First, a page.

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A Killing for the Hawks
A Killing for the Hawks
by Frederick E. Smith
Published by von Hammer
24 September 2016
Author review
Average 80%
A Killing for the Hawks

A Killing for the Hawks
by Frederick E. Smith

Hardcover: 252 pages
Publisher: D. McKay Co; [1st American ed.] edition (1967)
ASIN: B0007E85P6

For some men do cherish life
and some men life destroy,
and all the breadth of heaven lies between them.
Curb then thy barren contentions
lest again the hawks have a killing.

A Killing for the Hawks, written by Fredrick E. Smith in 1966 and currently out of print, is a well-blended WWI novel about war, friendship, love, disillusionment and revenge. The main protagonist is Norman McConnell, a young but level-headed American who begins serving in the Royal Flying Corps in the spring of 1917. Joining the 55th pursuit squadron McConnell falls under the sway of the Squadron Commander John Seymour: a handsome, charismatic super-ace who is essentially a British version of Manfred von Richthofen, complete with a loyal bulldog named Sultan. Lionized by the French and British press and public and idolized by his pilots, Saymour is everything an Allied aviator aspires to be, and while McConnell is not an ambitious man he is grateful for the Commander’s leadership and is in awe of Saymour’s prowess in aerial combat, all of which seem to justify the hero-worship Saymour is accorded.

However, McConnell’s flight leader, Charlie Bush, is no fan of Saymour and could not be any more different from the aristocratic Commander. An ‘old’ pilot (at age twenty-nine) Bush is a self-taught, working-class man from the English slums and wants nothing more than for the war to be over so he can take care of his young son and sickly mother, his wife having died of tuberculosis. Cautious and highly caring and protective of the men he leads, Bush is seen almost as a coward by many in the squadron who believe his nerves are giving out. He is war-weary, cynical, hates Germans and English aristocrats equally and unreservedly, and sees nothing sporting or glorious about being an air-ace but remains too proud to call it quits and leave the younger pilots to face the likes of Richthofen and Voss alone without proper guidance and protection. McConnell, being new and inexperienced, respects both men and tries to find his own place in the squadron. After Saymour is grievously wounded by ground-fire McConnell later lightly wounded and while on convalescent leave he meets and has an affair with a beautiful yet tormented woman – who turns out to be Saymour’s wife, Helen, who tells him some unsavory truths regarding her famous husband’s true nature and character. When Saymour himself finds out about McConnell’s misdeed a slow and sadistic drama of revenge is played out to a totally unexpected conclusion.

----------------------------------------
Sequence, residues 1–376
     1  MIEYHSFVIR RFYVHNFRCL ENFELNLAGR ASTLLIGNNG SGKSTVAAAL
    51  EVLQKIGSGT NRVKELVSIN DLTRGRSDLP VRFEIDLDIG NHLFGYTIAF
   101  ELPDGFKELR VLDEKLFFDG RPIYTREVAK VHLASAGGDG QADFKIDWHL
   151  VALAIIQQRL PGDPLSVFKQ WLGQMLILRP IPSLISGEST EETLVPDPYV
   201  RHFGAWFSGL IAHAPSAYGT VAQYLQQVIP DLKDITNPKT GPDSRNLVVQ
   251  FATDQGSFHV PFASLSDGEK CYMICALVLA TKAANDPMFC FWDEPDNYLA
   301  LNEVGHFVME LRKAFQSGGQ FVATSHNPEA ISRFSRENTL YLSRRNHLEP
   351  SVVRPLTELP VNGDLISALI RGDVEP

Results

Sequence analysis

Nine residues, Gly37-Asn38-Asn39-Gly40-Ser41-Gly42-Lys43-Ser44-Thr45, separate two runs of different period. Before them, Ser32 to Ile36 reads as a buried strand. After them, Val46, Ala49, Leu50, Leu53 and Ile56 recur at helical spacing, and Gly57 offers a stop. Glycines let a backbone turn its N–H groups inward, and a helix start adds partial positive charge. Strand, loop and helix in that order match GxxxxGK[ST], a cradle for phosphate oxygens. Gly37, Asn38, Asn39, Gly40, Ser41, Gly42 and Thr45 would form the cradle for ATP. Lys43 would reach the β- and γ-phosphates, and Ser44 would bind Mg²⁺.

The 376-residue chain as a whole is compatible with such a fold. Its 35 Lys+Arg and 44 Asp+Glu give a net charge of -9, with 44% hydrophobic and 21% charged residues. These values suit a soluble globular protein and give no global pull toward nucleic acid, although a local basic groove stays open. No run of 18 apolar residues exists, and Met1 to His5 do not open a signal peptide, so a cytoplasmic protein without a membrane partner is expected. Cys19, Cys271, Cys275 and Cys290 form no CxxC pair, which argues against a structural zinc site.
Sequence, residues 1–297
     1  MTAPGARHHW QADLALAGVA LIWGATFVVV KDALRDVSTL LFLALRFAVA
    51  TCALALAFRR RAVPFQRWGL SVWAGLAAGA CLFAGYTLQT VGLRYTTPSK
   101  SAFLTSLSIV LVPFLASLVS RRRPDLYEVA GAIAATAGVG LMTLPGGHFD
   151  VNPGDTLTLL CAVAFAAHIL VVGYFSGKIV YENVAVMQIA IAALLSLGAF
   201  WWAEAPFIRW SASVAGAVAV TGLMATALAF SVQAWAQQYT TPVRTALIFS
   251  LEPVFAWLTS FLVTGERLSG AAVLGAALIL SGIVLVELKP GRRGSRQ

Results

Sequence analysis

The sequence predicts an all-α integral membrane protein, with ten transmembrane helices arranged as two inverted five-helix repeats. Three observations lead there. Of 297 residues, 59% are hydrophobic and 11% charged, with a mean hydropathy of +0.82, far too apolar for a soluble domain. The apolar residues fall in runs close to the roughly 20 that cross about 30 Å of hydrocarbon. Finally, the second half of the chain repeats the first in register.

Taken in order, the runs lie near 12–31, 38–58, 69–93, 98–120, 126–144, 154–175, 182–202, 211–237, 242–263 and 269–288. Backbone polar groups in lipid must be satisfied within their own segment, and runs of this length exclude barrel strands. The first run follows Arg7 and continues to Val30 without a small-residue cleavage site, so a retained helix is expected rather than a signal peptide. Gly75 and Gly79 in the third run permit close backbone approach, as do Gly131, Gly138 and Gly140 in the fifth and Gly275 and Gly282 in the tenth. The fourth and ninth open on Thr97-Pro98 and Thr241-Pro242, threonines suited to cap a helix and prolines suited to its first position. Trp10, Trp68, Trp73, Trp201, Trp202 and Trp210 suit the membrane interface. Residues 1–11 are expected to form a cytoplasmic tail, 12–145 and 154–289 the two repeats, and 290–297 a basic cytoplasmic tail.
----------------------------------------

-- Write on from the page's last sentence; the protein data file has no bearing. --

Apart from the taut and riveting combat scenes, what makes A Killing for the Hawks stand out is that it has a little bit of everything required in making a well-rounded story. The romance aspects do not impede upon the action at the Front nor vice-versa. All the characters are memorable, even those that are doomed to die. There is action and reflection, combat advice and theory, love and hate, the horrific brutality of war – oh, and have you ever imagined what it’s like to start burning to death in the cockpit of an S.E.5?
The author makes the reader question strongly just who the real heroes of the air are: the old war-weary Charlie Bushes, the honest, naïve Norman McConnells or the ruthless, glamorized John Saymours?

While this book is out of print it is easily and cheaply accessible. Easily just as good as the Blue Max and In The Company of Eagles (which I hope to be reviewing soon in the near future) and certainly on par with Winged Victory, owing to an ending that, while far more dramatic and character-driven, is just as hopeless and tragic.

Four out of fives stars
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